Dutch Finance Minister Jeroen Dijsselbloem was chosen Monday as the new head of the Eurogroup of eurozone finance ministers, diplomats said, becoming the second person ever to hold the post, DPA reported.
He had been the only candidate for the post, but was nonetheless asked to outline his agenda to his eurozone counterparts before being approved.
"We have to work on growth and new jobs, and at the same time we have to rebalance our budget," the Dutchman said upon arrival for the talks. "I don't see a great conflict there."
Juncker had initially been due to leave the post in June, but agreed to stay on for a final, shortened, term after ensuring that a countryman was given a spot on the European Central Bank's executive board.
German Finance Minister Wolfgang Schaeuble, French Finance Minister Pierre Moscovici and Finnish Prime Minister Jyrki Katainen were all mentioned as possible successors, but Dijsselbloem emerged as the one candidate all stakeholders could agree to.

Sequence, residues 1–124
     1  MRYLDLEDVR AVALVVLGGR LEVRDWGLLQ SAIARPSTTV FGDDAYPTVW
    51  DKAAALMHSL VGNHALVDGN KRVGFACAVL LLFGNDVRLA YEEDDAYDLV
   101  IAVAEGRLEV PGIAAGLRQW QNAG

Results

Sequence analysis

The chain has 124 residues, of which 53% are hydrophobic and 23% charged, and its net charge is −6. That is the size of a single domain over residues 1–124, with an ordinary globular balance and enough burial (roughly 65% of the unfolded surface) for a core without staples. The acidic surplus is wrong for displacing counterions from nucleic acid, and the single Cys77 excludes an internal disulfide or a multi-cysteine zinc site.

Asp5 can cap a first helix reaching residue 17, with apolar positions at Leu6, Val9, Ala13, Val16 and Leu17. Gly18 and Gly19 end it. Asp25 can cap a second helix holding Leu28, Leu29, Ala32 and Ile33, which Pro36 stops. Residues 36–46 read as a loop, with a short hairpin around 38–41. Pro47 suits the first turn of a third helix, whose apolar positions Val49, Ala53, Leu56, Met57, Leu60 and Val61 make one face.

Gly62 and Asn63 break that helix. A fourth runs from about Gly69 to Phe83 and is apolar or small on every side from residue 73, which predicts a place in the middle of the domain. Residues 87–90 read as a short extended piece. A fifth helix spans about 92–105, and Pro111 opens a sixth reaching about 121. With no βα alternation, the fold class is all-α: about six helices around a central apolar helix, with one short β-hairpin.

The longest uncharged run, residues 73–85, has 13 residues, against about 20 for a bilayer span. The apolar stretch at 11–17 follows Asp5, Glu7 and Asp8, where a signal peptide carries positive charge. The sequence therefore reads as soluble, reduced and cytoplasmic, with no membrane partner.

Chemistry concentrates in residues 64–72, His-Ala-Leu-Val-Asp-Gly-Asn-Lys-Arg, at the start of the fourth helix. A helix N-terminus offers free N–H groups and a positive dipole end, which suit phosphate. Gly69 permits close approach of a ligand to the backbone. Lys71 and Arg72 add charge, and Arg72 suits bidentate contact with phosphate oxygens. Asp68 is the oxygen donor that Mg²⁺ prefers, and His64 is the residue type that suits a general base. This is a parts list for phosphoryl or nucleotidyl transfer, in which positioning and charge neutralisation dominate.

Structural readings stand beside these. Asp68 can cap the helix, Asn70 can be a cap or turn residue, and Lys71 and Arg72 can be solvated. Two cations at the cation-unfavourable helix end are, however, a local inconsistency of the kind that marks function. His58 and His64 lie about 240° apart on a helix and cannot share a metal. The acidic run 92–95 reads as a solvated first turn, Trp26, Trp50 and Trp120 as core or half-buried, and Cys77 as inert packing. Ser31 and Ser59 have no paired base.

The 17 ministers inn the Eurogroup meet informally to take economic decisions affecting their common currency. During the debt crisis, much of the focus has been on rescuing their most troubled members.
The Eurogroup's president traditionally has a two-and-a-half-year term.
A possible bailout for Cyprus was also on the eurozone ministers' agenda, with the country's Finance Minister Vassos Shiarley asking his eurozone counterparts to step in, but no decision was expected.
"We have done everything that was asked or suggested to us. Now is the job for the rest to do their own (part)," Shiarley said at the start of the meeting of eurozone finance ministers.
Cyprus first indicated its intention to seek an international bailout in June, but the EU's only communist government has balked at many of the privatization measures that have been made a condition of international aid.
"I somewhat lack the imagination, given the figures (involved), to see how the problem can be tackled - let alone solved - without privatization," Schaeuble said upon arrival in Brussels.
No decision is likely to be taken under the present government, which faces elections on February 17.
Earlier in the day, Shiarley said Cyprus could stay financially afloat until March, but said the situation would be "very difficult" if it did not then receive help from its eurozone partners.